Museum of Computing launches video series

June 16, 2008 | 08:22

Tags: #dec #digital-equipment-corporation #pdp-8 #videos #youtube

Companies: #bletchley-park #the-national-museum-of-computing #tnmoc

The National Museum of Computing has officially launched the first in a series of videos introducing a small selection of their hardware via perennial video-sharing favourite YouTube.

The Museum, which is based at Bletchley Park – home of the team of codebreakers responsible for the creation of the Colossus system for breaking German Enigma ciphers during World War 2, and the spiritual birthplace of modern computing – has been slowly preparing itself for flinging its doors open to the public, and this selection of videos created by its staff is a key step toward its official opening. Currently, visitors to the codebreaking museum at Bletchley Park are allowed limited access to certain exhibits as a bonus on their entry fee.

The short videos, available on the Museum's official YouTube channel cover the ins and outs of entering programs into a Digital Equipment Corporation PDP8 minicomputer system ready for a rousing game of chess. Younger bit-tech readers will be bemused by the lack of monitor, curious at the presence of a strip of tape seeming to hold the chess program, and completely flummoxed by the fact that the chap presenting appears to be typing into a printer; if you're of a 'certain age', however, it'll all bring back some nostalgic memories of a different era.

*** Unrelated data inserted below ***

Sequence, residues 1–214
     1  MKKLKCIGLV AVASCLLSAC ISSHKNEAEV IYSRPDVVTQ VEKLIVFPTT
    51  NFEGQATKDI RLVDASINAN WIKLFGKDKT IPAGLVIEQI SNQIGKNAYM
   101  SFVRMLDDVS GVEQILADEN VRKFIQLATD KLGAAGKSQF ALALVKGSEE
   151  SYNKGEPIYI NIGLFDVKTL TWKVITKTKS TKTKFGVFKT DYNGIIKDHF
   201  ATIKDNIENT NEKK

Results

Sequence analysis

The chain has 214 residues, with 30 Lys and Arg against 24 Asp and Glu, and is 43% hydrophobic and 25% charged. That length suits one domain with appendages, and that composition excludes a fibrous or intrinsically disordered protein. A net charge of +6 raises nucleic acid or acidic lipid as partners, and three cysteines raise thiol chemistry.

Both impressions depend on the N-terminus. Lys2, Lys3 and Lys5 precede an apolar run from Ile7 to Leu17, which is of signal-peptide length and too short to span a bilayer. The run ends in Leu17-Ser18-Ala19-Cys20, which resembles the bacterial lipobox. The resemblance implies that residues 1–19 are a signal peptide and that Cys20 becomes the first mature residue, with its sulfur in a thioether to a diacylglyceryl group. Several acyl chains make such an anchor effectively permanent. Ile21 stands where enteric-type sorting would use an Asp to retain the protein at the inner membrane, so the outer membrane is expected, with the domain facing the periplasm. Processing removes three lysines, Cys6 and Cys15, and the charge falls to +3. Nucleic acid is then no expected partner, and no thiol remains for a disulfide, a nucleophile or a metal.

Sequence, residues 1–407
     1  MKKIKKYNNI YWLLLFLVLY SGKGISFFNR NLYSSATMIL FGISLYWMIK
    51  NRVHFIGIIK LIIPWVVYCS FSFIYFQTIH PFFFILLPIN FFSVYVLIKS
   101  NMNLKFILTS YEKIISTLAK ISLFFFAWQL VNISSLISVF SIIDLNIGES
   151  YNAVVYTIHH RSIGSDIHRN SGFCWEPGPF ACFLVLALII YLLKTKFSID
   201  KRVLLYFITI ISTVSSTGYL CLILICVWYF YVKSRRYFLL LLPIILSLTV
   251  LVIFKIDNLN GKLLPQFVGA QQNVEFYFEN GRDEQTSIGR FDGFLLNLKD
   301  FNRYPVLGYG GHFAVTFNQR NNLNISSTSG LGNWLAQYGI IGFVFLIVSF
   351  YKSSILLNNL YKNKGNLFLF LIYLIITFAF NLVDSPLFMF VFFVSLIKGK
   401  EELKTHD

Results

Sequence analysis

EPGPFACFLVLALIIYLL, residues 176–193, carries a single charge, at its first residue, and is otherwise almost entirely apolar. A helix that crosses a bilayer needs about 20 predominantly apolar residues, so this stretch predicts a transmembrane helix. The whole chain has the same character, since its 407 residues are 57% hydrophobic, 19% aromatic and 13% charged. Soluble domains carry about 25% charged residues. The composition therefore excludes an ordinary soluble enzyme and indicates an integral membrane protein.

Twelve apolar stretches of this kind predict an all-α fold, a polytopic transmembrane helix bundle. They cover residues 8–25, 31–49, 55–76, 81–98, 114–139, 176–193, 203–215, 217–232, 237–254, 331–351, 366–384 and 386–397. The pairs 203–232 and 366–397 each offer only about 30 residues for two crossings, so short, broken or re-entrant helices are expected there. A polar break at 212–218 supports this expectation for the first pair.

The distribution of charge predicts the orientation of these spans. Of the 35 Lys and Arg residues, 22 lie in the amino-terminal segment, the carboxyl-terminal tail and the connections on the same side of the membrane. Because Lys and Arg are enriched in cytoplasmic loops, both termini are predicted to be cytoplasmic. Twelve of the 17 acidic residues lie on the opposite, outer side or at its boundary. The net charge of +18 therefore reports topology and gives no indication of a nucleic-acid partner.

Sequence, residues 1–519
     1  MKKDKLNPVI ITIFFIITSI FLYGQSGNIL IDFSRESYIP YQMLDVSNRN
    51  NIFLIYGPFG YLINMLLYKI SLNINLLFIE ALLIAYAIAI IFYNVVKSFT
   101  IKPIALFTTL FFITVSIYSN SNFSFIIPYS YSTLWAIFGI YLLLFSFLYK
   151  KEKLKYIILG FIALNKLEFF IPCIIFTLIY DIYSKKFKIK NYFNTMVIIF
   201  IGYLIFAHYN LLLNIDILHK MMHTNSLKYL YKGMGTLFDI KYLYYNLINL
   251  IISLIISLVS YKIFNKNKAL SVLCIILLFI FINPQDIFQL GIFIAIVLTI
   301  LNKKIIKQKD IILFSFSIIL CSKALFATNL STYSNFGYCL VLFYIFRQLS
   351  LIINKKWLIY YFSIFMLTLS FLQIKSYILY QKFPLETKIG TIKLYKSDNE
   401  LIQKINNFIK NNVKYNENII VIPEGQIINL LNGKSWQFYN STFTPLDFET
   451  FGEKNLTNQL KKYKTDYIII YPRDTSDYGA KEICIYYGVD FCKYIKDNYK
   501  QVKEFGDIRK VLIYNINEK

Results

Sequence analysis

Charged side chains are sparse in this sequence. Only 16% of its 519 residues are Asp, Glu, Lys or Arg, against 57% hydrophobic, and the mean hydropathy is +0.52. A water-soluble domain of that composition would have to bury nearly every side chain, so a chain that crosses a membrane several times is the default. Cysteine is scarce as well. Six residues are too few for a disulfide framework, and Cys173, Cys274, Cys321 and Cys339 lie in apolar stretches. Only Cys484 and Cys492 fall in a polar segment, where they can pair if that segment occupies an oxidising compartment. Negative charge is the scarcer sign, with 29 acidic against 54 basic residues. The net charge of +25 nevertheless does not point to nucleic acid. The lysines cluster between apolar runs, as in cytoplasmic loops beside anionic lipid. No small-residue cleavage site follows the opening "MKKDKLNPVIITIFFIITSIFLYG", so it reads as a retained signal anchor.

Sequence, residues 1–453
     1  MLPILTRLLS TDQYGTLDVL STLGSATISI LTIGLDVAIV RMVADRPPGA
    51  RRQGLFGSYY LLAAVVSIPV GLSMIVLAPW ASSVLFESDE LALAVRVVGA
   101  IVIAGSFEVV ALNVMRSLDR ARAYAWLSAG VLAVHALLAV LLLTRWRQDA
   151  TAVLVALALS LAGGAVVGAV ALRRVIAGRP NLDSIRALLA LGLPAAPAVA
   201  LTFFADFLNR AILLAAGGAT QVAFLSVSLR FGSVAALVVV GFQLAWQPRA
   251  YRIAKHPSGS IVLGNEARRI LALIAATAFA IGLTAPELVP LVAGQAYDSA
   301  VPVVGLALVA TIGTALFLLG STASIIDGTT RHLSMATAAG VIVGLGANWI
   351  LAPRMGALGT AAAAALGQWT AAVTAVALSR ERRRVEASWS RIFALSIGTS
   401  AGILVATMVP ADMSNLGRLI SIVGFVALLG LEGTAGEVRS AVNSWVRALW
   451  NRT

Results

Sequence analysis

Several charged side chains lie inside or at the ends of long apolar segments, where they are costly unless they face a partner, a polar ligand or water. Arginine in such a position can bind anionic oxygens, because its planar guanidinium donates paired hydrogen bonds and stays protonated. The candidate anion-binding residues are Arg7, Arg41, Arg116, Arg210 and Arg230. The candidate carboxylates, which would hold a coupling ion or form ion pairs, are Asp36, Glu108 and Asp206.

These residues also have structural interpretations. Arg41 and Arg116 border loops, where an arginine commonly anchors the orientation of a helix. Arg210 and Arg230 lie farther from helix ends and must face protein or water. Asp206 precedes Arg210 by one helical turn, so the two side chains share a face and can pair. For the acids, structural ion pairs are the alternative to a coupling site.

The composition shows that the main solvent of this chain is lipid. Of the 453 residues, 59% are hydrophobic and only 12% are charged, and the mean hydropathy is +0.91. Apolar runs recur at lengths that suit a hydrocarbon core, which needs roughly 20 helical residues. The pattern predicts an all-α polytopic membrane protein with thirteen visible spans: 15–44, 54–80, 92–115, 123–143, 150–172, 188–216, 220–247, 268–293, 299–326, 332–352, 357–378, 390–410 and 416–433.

The Museum is also working on a second series, due for uploading some time this week, which will cover the Elliot 803. These videos are made possible by the Museum's staff being able to restore machines to full working order: not content with creating a building filled with relics gathering dust, the team aim to have every single exhibit within the Museum fully-functional and completely interactive.

It's good to see the team at the Museum producing these videos and allowing a generation of computer enthusiasts who can't imagine a life without a mouse and a 24-bit colour display to see what life was like back at the bleeding edge of the computing industry, and I personally look forward to the day when the doors are opened as a museum in its own right rather than as an annexe to Bletchley Park – and I'll be there, ticket in hand, ready to beat all comers at a game of SpaceWar.

Do we have any bit-tech readers who remember the days of punch-tape – or even punch cards? Did any of you build an Altair from kit form – and have it work? Share your experiences of the early days of computing over in the forums.
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